You get the picture. I won’t offer a guess as to whether this couple is as dangerously mentally ill as some of the psychiatrists claimed, or if they were the victims of a witch hunt, or somewhere in between. But it seems plenty clear that V.M.’s refusal to have a c-section was not the main issue in the appellate court’s decision, or even necessarily the first court’s.

The document does refer to several other legal decisions that weighed a fetus’s rights against the mother’s right to refuse a c-section, not all of which favored the mother. It’s well worth reading through those, for all the reasons Roth lays out. And she has a strong point when she says that “While the court opinion also focuses on the parents’ psychiatric diagnoses (which are fallible medical judgments) and their history of care in determining their fitness as parents and abrogating their parental rights, their psychiatric state would never have been questioned if the mother had not refused invasive abdominal surgery — which was entirely within her rights.” Probably true. The obstetrician is quoted as saying, “in the end with the mother’s life and baby’s life in balance, I think it was negligent . . . not to accede to what the doctors requested,” which is the kind of statement that makes me want to go give birth in the woods by myself if I ever do; refusal of an invasive and, as it turned out, unnecessary medical procedure should not call your skills as a mother into question before you even are one. But in the case we’re discussing, the appeals court actually agreed with that premise. To wit:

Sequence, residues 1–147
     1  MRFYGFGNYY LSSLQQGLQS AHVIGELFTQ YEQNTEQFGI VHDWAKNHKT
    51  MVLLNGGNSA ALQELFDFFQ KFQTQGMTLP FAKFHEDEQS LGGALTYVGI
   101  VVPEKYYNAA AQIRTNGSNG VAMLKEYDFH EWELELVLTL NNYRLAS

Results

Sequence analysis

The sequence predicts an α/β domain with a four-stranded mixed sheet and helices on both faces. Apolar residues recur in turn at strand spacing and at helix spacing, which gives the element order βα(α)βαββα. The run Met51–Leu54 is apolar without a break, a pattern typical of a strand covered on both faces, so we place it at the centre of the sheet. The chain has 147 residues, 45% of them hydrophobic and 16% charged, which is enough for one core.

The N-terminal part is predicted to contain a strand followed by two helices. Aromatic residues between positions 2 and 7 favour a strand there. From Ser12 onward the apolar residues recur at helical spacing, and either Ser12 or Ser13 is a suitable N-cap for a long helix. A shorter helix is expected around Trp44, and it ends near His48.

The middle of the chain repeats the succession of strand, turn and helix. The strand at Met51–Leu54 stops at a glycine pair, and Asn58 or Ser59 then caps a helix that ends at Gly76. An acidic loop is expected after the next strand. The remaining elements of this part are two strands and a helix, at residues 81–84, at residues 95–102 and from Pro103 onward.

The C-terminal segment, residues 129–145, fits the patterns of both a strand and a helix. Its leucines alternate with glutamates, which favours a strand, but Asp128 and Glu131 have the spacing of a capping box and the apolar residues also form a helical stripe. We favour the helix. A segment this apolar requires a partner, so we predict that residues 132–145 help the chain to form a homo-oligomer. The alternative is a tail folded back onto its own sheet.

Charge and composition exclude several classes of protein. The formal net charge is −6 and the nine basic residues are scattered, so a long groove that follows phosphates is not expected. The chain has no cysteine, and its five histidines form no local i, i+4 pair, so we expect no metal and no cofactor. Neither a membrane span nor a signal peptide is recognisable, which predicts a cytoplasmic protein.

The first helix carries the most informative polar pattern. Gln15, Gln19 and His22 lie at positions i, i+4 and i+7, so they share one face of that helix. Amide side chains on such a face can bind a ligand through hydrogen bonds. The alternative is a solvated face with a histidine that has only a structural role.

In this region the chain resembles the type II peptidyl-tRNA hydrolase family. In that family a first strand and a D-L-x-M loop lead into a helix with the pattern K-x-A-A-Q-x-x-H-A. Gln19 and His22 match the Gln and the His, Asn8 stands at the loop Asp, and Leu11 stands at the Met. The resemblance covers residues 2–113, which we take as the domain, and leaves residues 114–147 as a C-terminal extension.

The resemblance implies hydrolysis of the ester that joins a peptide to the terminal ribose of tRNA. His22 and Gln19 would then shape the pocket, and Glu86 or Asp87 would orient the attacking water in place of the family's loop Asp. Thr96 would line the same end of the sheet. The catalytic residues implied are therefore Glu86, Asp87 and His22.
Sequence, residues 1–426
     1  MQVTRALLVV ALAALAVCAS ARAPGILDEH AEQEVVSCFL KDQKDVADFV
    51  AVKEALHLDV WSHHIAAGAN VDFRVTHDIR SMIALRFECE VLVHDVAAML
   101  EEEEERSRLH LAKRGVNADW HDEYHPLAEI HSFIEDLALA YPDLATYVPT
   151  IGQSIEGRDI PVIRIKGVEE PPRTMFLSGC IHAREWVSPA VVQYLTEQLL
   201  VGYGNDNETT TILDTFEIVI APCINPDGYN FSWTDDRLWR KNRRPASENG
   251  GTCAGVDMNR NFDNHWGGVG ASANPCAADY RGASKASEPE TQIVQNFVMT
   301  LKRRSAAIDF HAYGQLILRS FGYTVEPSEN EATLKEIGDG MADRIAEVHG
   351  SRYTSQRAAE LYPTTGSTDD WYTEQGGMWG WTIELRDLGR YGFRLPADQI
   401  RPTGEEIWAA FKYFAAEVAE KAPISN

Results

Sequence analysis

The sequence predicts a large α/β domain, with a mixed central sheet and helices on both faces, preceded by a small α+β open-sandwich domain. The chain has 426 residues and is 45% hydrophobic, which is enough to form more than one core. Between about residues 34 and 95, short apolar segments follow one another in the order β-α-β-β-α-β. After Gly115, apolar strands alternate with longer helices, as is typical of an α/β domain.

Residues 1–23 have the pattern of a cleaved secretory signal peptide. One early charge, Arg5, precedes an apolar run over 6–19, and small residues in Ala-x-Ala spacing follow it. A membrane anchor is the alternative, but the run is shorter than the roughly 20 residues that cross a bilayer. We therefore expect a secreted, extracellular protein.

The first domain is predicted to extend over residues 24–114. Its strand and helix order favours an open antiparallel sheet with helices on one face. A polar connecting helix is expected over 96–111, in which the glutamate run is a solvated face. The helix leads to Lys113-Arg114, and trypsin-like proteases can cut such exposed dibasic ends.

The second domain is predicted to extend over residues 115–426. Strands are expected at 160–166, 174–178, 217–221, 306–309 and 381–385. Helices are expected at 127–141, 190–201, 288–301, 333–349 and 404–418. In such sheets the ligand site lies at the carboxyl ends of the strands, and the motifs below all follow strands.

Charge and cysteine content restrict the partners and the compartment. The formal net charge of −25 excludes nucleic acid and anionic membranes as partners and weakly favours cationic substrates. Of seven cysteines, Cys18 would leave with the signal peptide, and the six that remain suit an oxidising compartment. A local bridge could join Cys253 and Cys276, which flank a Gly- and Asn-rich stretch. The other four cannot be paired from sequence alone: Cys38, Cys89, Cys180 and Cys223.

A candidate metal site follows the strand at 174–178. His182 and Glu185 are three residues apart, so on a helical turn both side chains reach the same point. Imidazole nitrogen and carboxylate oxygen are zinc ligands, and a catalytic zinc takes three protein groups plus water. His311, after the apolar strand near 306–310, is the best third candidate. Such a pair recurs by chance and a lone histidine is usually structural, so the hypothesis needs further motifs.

I would adopt the reasoning in L.V. as applied to the facts here. The decision to undergo an invasive procedure such as a c-section belongs uniquely to the prospective mother after consultation with her physicians. To allow such a decision to factor into potential charges of abuse or neglect requires a prospective mother to subjugate her personal decision to a governmental agency’s statutory interpretation creating a scenario that was neither contemplated nor incorporated within the four corners of the relevant statutory language. Her decision on matters as critical as this invasive procedure must be made without interference or threat. V.M.’s decision to forego a c-section had no place in these proceedings.